Gerard Leblond Blanche of White Line, a French organization defending the rights of drug users, also emphasized the necessity of a pan-European approach. Because there is a strong prohibitionist impulse in Europe, which makes it difficult for individual politicians or countries to confront this "hellish and complex" problem, Blanche told DRCNet, White Line is committed to a strategy of engagement between civil society and the political class in a joint drug reform effort on a continental level.

"In Brussels, White Line resolutely defended a strategy of engagement, not only for the organization of a European summit on the theme, but more so for a true parliamentary inquiry charged with establishing the exponentially growing damage resulting from global prohibition."

The conference participants contacted by DRCNet almost universally expressed great interest in events in the US and urged that activists on both sides of the water forge stronger links.

But not everyone. Some seem a bit irritated with neanderthal policies emanating from Washington and the wars they bring to producer countries. Colombia was mentioned several times. Astrid Forschner of JES Rhein-Main (Junkies, Ex-Junkies, and Solidarity People) in Frankfort told DRCNet that US citizens can very loudly say "no" to injustice and inhumanity, but that when it comes to US drug policy, "as a nation they are just apes trying to tell others to be apes, too."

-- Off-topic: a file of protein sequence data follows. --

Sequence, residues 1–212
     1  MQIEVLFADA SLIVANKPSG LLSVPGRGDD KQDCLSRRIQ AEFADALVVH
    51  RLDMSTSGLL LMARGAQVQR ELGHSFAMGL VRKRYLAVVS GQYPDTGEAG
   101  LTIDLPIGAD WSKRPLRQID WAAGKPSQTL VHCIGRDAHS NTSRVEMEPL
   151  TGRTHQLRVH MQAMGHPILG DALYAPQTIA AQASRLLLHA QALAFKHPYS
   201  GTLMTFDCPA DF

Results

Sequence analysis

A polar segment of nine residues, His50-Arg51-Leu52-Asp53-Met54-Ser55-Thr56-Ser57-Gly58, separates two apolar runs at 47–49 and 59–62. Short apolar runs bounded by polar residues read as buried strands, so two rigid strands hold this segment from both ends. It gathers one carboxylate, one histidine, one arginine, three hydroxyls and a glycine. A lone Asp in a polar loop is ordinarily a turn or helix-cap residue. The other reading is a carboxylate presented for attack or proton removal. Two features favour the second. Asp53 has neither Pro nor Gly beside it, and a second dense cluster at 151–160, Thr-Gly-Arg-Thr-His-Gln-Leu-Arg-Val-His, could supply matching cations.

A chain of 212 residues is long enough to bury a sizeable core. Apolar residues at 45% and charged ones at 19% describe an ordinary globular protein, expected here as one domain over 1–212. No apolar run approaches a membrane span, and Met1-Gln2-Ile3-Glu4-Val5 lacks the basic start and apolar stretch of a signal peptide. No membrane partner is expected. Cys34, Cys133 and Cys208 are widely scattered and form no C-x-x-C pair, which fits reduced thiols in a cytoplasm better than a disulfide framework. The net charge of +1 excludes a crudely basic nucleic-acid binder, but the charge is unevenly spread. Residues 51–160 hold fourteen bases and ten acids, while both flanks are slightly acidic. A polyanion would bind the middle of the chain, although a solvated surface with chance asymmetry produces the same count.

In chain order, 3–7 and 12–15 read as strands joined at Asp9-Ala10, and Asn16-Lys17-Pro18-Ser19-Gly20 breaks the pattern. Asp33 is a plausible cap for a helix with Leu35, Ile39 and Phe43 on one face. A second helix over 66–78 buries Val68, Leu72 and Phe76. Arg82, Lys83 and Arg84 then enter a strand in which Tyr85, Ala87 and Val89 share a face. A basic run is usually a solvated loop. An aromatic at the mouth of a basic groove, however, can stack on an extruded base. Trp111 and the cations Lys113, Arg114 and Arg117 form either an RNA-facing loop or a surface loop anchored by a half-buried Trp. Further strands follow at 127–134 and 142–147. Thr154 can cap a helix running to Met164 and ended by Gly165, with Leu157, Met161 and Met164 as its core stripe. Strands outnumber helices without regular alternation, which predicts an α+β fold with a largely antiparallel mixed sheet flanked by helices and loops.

In one last other indication that things are different on the other side of the Atlantic, Job Joris Arnold of the Amsterdam drug users advocacy group could not resist reporting on one recent event in his town. "Junkies threw a farewell party for their departing favorite police officer last week. He had taken up their cause in the media, despite orders from his superiors."

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Issue #179, 3/30/01 Editorial: Medical Marijuana Patients Shouldn't Have to Go to the Supreme Court | Supreme Court Hears Oral Arguments on Oakland Cannabis Buyers Co-op Case, State Medical Marijuana Laws Will Stand Regardless | Interview: Alan Bock on Medical Marijuana in California | Eyes on the Prize: European Drug Reformers Call for Legalization, Target Global Prohibition Regime -- Brussels Confab Focuses on UN Single Convention on Narcotic Drugs | Mexico: Chihuahua Governor Adds Voice to Legalization Chorus, Extends Rhetorical Hand Across Border to Gov. Johnson | In California, the Medical Marijuana Struggle Grinds On | DEA Denies Marijuana Rescheduling Petition -- Petitioners Promise Appeal, Question Timing | Kampia vs. the Inquisition: House Republicans Rake Reformer Over the Coals | High School Drug Tests Barred Again, This Time in Oklahoma -- Divided US Circuit Court Decisions Herald Eventual Supreme Court Resolution | OpenTheCan.org: November Coalition Label Campaign | Kentucky Governor Signs Industrial Hemp Bill | Hemp and Medical Marijuana Initiatives Gear-Up in South Dakota, State Legislature is Hopeless | Calling All Spanish Speakers: Volunteers Needed to Proof "DRCNet en Español" | Harm Reduction Coalition's Latest Communication Now Available, Newsletter Provides Insights, Questions | The Reformer's Calendar | Errata